Infected Planet is a squad-based, real-time strategy game with tower defense elements set in a universe similar to “Starship Troopers”, sans the camp and unfortunate lack of Casper Van Dien. The foreboding sense of being overwhelmed at any point is the great dynamic between the fast-paced action and strategic nature of suppressing the enemies spewing from their hives.
You’ll start with a lowly 5-man squad out to eradicate a planet of 100,000 bugs. It doesn’t seem like there’s that many, but once you see the sheer numbers of creatures filling your screen at any one time, you’ll believe it to be true. There’s no real story to be had as to how things came to be, and given the pacing of the game, there’s simply no time to explain it all. Blocks of text start each mission for what you need to do, but doesn’t get prevent you from getting right back into the action.
As you’re brisked from mission to mission, you’re required to destroy and capture enemy hives by any means necessary. You can select your Marines one-by-one or as a group and guide them to where they need to go. Shooting is automatic except when you want them to use rockets on enemy buildings. Along the way you’ll earn BP that can be used only in-mission to create turret defenses to protect your capture points or mobile healing stations that a squad member must lug around. Enemy hives can have their own defenses such as acidic turrets and proximity mines to deter you from easily taking back the planet. Squad members can die but aren’t permanently lost, and after some time will respawn at the nearest capture point. You can sacrifice a marine for BP in a crucial moment needed for victory, but run the risk of being overrun with one less man. The choice is all yours.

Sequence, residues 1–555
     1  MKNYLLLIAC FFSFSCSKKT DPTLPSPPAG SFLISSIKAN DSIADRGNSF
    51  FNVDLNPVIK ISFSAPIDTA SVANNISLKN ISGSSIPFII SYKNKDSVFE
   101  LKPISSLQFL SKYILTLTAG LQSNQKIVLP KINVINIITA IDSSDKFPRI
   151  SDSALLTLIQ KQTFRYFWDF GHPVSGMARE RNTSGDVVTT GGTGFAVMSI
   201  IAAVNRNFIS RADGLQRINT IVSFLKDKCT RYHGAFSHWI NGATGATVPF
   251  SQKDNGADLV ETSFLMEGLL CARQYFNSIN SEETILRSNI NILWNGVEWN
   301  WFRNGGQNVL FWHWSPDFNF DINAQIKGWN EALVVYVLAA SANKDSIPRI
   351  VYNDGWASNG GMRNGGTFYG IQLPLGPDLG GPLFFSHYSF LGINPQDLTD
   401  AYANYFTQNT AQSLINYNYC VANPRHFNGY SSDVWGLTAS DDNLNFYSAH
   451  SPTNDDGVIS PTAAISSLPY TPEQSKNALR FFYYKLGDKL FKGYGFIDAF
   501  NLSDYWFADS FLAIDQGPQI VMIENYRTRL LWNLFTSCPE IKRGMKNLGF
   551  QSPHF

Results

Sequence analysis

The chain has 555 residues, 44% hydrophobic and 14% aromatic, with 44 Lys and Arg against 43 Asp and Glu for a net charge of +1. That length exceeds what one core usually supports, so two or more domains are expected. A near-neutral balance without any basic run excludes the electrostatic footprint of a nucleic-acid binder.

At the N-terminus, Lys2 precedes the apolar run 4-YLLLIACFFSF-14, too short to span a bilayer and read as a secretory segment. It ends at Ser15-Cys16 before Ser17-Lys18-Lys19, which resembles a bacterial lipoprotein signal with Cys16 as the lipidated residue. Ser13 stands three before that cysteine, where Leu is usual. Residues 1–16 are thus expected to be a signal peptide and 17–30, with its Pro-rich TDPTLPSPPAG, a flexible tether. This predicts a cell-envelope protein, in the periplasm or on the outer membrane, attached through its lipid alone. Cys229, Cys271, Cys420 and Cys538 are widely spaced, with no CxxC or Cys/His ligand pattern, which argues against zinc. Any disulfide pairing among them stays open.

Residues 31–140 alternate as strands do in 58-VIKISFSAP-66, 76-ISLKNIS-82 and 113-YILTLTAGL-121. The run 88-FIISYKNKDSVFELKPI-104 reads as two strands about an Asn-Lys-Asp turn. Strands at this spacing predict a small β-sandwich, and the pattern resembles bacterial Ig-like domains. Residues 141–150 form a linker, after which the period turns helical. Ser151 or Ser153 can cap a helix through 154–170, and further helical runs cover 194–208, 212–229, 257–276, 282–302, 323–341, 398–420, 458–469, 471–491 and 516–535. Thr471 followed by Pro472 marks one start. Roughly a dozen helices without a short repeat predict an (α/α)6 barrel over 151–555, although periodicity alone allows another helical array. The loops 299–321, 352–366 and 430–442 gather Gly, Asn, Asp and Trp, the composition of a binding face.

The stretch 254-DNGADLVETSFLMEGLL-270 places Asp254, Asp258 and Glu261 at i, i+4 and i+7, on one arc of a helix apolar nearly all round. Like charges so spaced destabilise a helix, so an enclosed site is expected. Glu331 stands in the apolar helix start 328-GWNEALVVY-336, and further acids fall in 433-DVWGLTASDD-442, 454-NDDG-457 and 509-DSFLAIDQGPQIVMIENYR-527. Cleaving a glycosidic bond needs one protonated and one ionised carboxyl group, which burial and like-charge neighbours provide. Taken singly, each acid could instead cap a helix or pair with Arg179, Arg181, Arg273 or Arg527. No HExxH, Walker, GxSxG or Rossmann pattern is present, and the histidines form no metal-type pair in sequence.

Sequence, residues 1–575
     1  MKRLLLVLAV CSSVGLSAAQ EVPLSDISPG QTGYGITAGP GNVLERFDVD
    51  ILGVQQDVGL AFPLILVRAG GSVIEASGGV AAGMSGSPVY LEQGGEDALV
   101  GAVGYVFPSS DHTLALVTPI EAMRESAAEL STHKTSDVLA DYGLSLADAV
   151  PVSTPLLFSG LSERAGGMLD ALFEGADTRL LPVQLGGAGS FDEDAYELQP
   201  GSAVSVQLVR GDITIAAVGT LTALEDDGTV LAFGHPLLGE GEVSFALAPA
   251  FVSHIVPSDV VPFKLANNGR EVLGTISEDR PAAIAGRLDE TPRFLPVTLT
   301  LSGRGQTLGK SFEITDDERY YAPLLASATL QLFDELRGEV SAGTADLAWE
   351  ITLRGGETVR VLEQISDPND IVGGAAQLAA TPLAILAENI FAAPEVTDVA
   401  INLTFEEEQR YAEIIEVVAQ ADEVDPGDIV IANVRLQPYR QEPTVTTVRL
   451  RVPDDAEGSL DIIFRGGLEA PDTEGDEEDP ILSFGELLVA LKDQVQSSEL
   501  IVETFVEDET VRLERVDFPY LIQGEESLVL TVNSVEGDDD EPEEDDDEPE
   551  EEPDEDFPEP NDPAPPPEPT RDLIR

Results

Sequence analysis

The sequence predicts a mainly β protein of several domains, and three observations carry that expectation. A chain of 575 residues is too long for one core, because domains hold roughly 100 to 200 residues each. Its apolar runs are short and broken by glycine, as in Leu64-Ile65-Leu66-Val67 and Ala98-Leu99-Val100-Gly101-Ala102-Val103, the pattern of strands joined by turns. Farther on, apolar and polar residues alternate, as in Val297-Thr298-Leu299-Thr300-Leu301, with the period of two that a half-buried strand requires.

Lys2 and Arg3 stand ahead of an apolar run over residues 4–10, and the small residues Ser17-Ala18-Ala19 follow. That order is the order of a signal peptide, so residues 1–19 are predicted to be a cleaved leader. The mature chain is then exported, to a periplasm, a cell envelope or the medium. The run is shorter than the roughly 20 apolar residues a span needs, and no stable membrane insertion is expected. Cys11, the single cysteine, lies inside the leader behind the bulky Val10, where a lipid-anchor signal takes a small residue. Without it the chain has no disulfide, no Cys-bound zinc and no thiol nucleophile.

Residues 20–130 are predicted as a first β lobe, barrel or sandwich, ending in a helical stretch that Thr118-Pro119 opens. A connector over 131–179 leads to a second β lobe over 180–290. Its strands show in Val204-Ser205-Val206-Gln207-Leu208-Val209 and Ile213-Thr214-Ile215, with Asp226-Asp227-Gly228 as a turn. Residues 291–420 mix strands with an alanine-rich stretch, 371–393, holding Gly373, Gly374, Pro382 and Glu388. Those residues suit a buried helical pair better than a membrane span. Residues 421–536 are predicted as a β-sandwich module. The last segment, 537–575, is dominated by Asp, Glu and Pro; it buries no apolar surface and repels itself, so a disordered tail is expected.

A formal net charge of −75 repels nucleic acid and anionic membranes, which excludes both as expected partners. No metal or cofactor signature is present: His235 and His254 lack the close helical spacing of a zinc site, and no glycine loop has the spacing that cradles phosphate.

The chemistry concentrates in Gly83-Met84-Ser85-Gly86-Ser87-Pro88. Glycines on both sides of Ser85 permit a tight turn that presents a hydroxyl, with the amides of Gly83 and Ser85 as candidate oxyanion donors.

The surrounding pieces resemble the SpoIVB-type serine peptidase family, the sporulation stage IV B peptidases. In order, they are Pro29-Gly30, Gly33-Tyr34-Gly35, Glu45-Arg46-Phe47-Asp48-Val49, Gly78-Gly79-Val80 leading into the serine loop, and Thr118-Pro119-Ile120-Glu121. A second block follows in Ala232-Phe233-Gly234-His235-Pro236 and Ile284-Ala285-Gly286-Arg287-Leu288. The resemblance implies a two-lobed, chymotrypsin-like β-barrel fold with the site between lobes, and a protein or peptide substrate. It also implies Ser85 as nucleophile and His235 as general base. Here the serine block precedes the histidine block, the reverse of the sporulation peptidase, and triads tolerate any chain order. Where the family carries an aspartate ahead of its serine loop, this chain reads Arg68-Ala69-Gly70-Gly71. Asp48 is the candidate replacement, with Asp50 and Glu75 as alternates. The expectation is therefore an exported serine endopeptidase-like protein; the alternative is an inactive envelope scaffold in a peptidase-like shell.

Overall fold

Everything ends up playing samey in way that isn’t as refreshing as when you first started. Luckily, the ability to purchase permanent upgrades and temporary buffs give the game the much needed variety it lacks in other areas. In any given mission, once you’ve unlocked the upgrades to do so, you’ll be raiding enemy hives with attack choppers, officers that boost morale, flamethrowers, and shotguns.
The most unfortunate thing about Infested Planet is the color choices of the Marines and the aliens. They’re the same, exact colors – blue and green. Why this is, I don’t know. But in the thick of battle and being completely surrounded while zoomed all the way in, it is nearly impossible to tell where your Marines are unless you drag-select the entire screen to find them. This happened to me a lot more than I’d like. And as some maps are just simply large in size and you’ll be zooming and scrolling quite often, the visual difference that is lost becomes frustrating.
It’s none-the-less a gorgeous game with strong colors and wonderful art. While traversing the game’s locations, the levels change stylistically and visually representing you getting closer to the heart of the infestation. The world that’s become infested reeks of extraterrestrial and unknown. It’s a visual delight of science fiction. This, combined with the sound of squishing of bugs as your Marines get in close for melee attacks, and the unending turret gunfire amid rocket launcher explosions is audibly pleasing.
The game’s branching Campaign lasts seventeen levels. The different branches tear away from the story and allow you to do random missions for extra money and other incentives, and are able to be played over and over again. The Weekly Challenge offers bronze, silver, and gold which represent the difficulty, and offer varied challenges to complete for a place on the leaderboard. Skirmish is a no frills way of jumping into the game with complete randomization of map, enemies, weapons, and hoping for the best.
Infested Planet is an infinitely replayable game that offers a lot of depth, mixed with action and strategy. The modest asking price and breadth of content are well-matched. Some oddities in color choices and repetitiveness can be ignored or otherwise overcome, but burden the game in unexpected ways. It’s an absolute blast to play, and has impressive numbers of enemies that fill the screen. Good in short bursts or monster play sessions, is a game that does many things, and most of it really well.
A pre-release Steam code for the game was provided by PR for review purposes